Title

Alpha-1 Antitrypsin Increases Sox9 and Wnt3a Expression In Mesenchymal Stem Cells

School Name

South Carolina Governor's School for Science & Mathematics

Grade Level

12th Grade

Presentation Topic

Cell and Molecular Biology

Presentation Type

Mentored

Abstract

Mesenchymal stem cells (MSCs) and the protein alpha-1 antitrypsin (AAT) have been used together to treat immune and inflammatory diseases. A previous experiment showed that AAT overexpression leads to an increase in SOX9 and Wnt3a in MSCs. This study examined whether AAT causes a change in the relative expression of SOX9 and Wnt3 over time. It was hypothesized that AAT will increase SOX9 and Wnt3a expression up to a certain time and then start decreasing the levels. After passaging human bone marrow mesenchymal stem cells (HBM-MSCs), the cells were transferred to four 12-well plates that were divided into collection times of 15, 30, 60, 180, and 360 minutes. The cells were treated with either 0.1 mg/ml of AAT or 0.5 mg/ml in 1 ml of media. The control cells were grown separately in 1 ml of regular media. After isolating mRNA and performing reverse transcription, qPCR was conducted to analyze gene expression in relation to the control GAPDH. The results showed that for the 0.5 mg/ml AAT treatment, the relative expression of SOX9 and Wnt3a gradually increased, peaked at 3 hours and then started to decrease. SOX9 and Wnt3a exhibited different trends for 0.1 mg/ml. AAT overexpressing mesenchymal stem cells exhibited higher levels of SOX9 and Wnt3a, with 0.5 mg/ml AAT causing greater changes. Future studies can fine-tune the dosage and timing of AAT to provide better treatment results.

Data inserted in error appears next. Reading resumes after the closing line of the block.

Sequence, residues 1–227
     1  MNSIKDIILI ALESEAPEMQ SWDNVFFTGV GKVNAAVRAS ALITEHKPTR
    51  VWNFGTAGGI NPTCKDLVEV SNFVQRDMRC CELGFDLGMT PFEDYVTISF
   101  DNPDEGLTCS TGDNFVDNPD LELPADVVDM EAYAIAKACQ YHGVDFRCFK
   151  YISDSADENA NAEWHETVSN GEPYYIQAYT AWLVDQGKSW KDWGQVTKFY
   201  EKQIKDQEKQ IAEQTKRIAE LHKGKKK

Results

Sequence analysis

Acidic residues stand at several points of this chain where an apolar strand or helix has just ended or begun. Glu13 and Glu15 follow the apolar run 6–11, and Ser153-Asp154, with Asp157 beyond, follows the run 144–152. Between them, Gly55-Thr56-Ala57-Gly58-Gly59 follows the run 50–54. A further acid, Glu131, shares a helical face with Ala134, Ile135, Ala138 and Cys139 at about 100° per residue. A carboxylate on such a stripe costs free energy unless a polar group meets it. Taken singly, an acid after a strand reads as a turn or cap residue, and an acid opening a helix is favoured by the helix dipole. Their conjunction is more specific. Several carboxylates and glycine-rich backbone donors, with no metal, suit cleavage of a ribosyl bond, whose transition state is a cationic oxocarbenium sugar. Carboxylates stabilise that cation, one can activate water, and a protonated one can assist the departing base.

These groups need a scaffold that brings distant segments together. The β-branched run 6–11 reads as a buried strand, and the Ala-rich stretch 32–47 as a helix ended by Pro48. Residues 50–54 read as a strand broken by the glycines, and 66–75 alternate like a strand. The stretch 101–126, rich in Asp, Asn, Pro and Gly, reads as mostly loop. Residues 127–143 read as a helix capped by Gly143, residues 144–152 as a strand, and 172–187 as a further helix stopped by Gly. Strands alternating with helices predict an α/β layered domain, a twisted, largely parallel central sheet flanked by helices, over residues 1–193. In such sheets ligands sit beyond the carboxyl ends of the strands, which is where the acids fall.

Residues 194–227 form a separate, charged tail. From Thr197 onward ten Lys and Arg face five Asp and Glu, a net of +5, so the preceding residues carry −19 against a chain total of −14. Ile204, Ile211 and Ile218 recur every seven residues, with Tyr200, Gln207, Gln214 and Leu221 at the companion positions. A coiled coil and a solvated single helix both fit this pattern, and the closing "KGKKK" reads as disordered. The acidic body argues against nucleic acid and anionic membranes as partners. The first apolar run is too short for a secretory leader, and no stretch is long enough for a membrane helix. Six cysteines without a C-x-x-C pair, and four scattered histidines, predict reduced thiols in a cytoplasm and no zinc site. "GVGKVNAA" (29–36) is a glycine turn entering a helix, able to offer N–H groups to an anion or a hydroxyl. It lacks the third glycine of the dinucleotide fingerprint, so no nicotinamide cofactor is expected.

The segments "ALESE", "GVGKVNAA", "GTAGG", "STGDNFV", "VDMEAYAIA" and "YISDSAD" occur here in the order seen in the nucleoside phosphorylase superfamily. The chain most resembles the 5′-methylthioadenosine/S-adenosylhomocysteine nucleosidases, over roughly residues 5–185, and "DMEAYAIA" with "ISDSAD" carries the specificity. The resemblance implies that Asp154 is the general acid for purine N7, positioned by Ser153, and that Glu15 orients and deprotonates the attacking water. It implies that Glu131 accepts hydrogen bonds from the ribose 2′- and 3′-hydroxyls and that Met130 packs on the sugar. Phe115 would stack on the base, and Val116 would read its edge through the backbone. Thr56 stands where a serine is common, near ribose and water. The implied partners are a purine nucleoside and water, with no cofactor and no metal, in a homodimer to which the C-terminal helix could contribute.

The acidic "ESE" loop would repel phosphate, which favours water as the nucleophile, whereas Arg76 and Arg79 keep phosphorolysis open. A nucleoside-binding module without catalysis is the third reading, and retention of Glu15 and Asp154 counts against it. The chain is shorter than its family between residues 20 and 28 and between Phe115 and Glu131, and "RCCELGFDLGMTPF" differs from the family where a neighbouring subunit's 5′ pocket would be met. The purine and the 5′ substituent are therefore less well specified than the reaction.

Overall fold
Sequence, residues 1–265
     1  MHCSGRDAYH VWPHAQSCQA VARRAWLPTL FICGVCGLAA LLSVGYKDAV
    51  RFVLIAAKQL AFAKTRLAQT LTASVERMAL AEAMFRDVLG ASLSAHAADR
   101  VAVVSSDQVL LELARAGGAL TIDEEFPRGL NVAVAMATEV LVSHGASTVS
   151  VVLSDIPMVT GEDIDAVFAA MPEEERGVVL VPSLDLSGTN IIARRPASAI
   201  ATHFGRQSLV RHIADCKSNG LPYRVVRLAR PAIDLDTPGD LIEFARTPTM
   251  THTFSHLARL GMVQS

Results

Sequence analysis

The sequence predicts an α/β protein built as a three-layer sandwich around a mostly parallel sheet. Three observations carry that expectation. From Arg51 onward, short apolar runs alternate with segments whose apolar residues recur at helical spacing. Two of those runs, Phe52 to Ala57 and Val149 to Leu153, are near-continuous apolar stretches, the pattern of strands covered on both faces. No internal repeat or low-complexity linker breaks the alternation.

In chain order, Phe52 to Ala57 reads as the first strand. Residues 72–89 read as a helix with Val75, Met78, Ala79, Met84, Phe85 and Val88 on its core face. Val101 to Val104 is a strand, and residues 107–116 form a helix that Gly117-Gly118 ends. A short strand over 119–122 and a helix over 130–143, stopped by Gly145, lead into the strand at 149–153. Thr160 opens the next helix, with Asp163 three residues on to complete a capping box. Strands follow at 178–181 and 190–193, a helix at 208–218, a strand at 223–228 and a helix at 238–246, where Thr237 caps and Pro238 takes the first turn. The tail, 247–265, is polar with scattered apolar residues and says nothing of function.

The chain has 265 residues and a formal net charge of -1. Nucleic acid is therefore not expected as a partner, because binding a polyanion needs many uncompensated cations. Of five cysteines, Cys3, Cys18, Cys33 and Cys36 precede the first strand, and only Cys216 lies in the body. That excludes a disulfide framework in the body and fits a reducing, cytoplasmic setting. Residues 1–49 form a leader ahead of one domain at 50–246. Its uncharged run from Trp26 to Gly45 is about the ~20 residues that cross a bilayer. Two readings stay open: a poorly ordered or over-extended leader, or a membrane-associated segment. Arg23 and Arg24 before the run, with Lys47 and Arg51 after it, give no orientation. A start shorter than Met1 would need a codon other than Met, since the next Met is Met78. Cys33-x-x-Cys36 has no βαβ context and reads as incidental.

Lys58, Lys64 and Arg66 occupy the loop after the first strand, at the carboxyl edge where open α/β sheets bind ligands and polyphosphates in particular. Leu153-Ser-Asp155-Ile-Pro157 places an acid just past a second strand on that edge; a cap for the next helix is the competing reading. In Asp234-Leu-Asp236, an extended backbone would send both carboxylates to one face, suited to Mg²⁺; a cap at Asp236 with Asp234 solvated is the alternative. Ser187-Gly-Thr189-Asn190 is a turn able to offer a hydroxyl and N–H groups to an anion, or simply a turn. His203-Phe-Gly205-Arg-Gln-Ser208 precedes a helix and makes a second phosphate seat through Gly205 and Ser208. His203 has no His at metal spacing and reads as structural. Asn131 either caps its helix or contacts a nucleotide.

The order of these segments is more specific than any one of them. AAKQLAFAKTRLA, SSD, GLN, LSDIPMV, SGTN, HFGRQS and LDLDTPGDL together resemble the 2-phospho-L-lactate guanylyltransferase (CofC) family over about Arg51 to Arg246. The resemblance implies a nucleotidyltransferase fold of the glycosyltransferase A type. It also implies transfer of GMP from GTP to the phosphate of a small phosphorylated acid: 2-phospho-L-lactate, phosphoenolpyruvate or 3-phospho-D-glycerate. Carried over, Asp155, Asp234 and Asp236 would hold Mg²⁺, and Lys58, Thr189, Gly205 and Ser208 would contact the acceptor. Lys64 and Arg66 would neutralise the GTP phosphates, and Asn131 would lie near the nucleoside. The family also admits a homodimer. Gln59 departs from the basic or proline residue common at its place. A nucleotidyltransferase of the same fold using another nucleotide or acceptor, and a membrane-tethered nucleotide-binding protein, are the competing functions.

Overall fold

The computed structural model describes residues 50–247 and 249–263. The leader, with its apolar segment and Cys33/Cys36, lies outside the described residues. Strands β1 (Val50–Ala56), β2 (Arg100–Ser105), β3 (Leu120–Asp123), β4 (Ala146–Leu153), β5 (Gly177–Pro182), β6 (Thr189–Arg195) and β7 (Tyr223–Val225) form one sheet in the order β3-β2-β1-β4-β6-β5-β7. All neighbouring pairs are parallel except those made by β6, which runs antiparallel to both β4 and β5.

Location

Furman Hall 107

Start Date

3-28-2020 2:30 PM

Presentation Format

Oral Only

Group Project

No

COinS
 
Mar 28th, 2:30 PM

Alpha-1 Antitrypsin Increases Sox9 and Wnt3a Expression In Mesenchymal Stem Cells

Furman Hall 107

Mesenchymal stem cells (MSCs) and the protein alpha-1 antitrypsin (AAT) have been used together to treat immune and inflammatory diseases. A previous experiment showed that AAT overexpression leads to an increase in SOX9 and Wnt3a in MSCs. This study examined whether AAT causes a change in the relative expression of SOX9 and Wnt3 over time. It was hypothesized that AAT will increase SOX9 and Wnt3a expression up to a certain time and then start decreasing the levels. After passaging human bone marrow mesenchymal stem cells (HBM-MSCs), the cells were transferred to four 12-well plates that were divided into collection times of 15, 30, 60, 180, and 360 minutes. The cells were treated with either 0.1 mg/ml of AAT or 0.5 mg/ml in 1 ml of media. The control cells were grown separately in 1 ml of regular media. After isolating mRNA and performing reverse transcription, qPCR was conducted to analyze gene expression in relation to the control GAPDH. The results showed that for the 0.5 mg/ml AAT treatment, the relative expression of SOX9 and Wnt3a gradually increased, peaked at 3 hours and then started to decrease. SOX9 and Wnt3a exhibited different trends for 0.1 mg/ml. AAT overexpressing mesenchymal stem cells exhibited higher levels of SOX9 and Wnt3a, with 0.5 mg/ml AAT causing greater changes. Future studies can fine-tune the dosage and timing of AAT to provide better treatment results.